Baklava is a rich, sweet pastry featured in many cuisines of the former Ottoman, Arab, and Iranian countries. It is a pastry made of layers of filo dough filled with chopped nuts and sweetened with syrup or honey.
In Turkey, Gaziantep is famous for its baklava and regarded there as its native city.Cyprus made the controversial choice to present Baklava for Sweet Europe of the cultural initiative Cafe Europe in 2006. In 2008, the Turkish patent office registered a geographical indication certificate for Antep Baklava.Newstime 7, February 21, 2008 [*]
The history of baklava is not well-documented; it has been claimed by many ethnic groups, the best evidence is that it is of Central Asian Turkic origin, with its current form being developed in the imperial kitchens of the Topkapi Palace.
Vryonis (1971) identified the ancient Greek gastris, kopte, kopton, or koptoplakous, mentioned in the Deipnosophistae, as baklava, and calls it a "Byzantine favorite". However, Perry (1994) shows that though gastris contained a filling of nuts and honey, it did not include any dough; instead, it involved a honey and ground sesame mixture similar to modern pasteli or halva.
Perry then assembles evidence to show that layered breads were created by Turkic peoples in Central Asia and argues that the "missing link" between the Central Asian folded or layered breads (which did not include nuts) and modern phyllo-based pastries like baklava is the Azerbaijani dish Baki pakhlavasi, which involves layers of dough and nuts. The traditional Uzbek puskal or yupka and Tatar yoka, sweet and salty savories (boreks) prepared with 10-12 layers of dough, are other early examples of layered dough style in Turkic regions.Akin and Lambraki, Turkish and Greek Cuisine/Turk ve Yunan Mutfagi p. 248-249, ISBN 9754584842
The thin phyllo dough as used today was probably developed in the kitchens of the Topkapi Palace. Indeed, the sultan presented trays of baklava to the Janissaries every 15th of Ramadan in a ceremonial procession called the Baklava Alayi.
Other claims about its origins include: that it is of Assyrian origin, dates back to ancient Mesopotamia, and was mentioned in a Mesopotamian cookbook on walnut dishes; that al-Baghdadi describes it in his 13th-century cookbook; that it was a popular Byzantine dessert.John Ash, A Byzantine Journey, page 223Marcus Rautman, Daily Life in the Byzantine Empire, page 96 But Claudia RodenNew Book of Middle Eastern Food, 2000, ISBN 0-375-40506-2 and Andrew DalbySiren Feasts: A History of Food and Gastronomy in Greece, 1997, ISBN 0-415-15657-2 find no evidence for it in Arab, Greek, or Byzantine sources before the Ottoman period.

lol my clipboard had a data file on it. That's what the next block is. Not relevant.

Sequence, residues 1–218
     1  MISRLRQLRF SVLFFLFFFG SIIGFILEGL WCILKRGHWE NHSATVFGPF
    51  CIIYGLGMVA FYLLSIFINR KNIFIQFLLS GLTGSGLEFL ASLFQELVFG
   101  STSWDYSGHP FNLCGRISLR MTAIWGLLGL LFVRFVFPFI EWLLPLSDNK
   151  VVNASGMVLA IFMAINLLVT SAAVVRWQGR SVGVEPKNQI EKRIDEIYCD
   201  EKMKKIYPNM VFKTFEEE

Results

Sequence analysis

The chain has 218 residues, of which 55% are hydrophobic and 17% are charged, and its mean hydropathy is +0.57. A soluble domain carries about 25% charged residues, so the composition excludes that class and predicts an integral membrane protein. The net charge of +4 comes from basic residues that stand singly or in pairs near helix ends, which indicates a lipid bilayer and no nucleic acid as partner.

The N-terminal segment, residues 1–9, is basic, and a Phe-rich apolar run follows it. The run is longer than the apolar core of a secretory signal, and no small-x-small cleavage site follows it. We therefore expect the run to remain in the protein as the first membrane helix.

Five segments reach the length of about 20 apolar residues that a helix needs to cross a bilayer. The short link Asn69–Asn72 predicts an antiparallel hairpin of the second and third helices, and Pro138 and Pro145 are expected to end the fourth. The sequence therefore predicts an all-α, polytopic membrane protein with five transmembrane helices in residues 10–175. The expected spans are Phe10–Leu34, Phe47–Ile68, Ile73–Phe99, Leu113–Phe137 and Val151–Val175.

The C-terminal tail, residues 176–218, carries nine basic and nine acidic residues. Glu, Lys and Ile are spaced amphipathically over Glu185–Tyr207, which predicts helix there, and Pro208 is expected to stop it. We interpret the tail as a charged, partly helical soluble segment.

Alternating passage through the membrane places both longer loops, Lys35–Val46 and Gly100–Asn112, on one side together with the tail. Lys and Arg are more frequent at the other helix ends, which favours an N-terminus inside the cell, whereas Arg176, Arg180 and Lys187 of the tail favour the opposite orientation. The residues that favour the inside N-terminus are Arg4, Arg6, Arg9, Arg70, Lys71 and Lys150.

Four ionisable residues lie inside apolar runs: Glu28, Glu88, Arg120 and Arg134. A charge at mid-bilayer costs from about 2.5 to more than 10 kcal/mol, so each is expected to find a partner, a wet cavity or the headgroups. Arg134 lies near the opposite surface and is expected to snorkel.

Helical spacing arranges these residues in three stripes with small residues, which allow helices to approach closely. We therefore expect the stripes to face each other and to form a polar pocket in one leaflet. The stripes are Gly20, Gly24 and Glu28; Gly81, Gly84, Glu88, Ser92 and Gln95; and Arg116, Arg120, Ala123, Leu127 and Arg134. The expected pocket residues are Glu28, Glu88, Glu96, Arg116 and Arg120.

One of the oldest known recipes for a sort of proto-baklava is found in a Chinese cookbook written in 1330 under the Yuan (Mongol) dynasty under the name gullach . "Gullac" is found in Turkish cuisine. Layers of phyllo dough are put one by one in warmed up milk with sugar. It is served with walnut and fresh pomegranate and generally eaten during Ramadan.
The word baklava entered English from Turkish; Merriam-Webster Online, s.v. Baklava Dictionary.com Unabridged, s.v. Baklava it is sometimes connected with the Arabic word for "bean" ( /baqlah/), but Wehr's dictionary lists them as unrelated; the Arabic name is doubtless a borrowing from TurkishAkin and Lambraki, Turkish and Greek Cuisine/Turk ve Yunan Mutfagi p. 248-249, ISBN 9754584842. Buell (1999) argues that the word "baklava" may come from the Mongolian root bagla- 'to tie, wrap up, pile up' composed with the Turkic verbal ending -v; bagla- itself in Mongolian is a Turkic loanword. The name baklava is used in many languages with minor phonetic variations.
Reuven Amitai-Preiss and David O. Morgan, eds., The Mongol Empire and Its Legacy Brill, 1999. ISBN 90-04-11946-9.
Paul D. Buell, "Mongol Empire and Turkicization: The Evidence of Food and Foodways", p. 200ff, in Amitai-Preiss, op.cit.
Christian, David. Review of Amitai-Preiss, op.cit., in Journal of World History 12:2:476 (2001).
Perry, Charles. "The Taste for Layered Bread among the Nomadic Turks and the Central Asian Origins of Baklava", in A Taste of Thyme: Culinary Cultures of the Middle East , 1994. ISBN 1-86064-603-4.
Roden Claudia, "A New Book of Middle Eastern Food" ISBN 01-404658-8
Vryonis, Speros, The Decline of Medieval Hellenism in Asia Minor, 1971. Quoted in Perry (1994).
Wasti, Syed Tanvir, "The Ottoman Ceremony of the Royal Purse", Middle Eastern Studies 41:2:193200 (March 2005)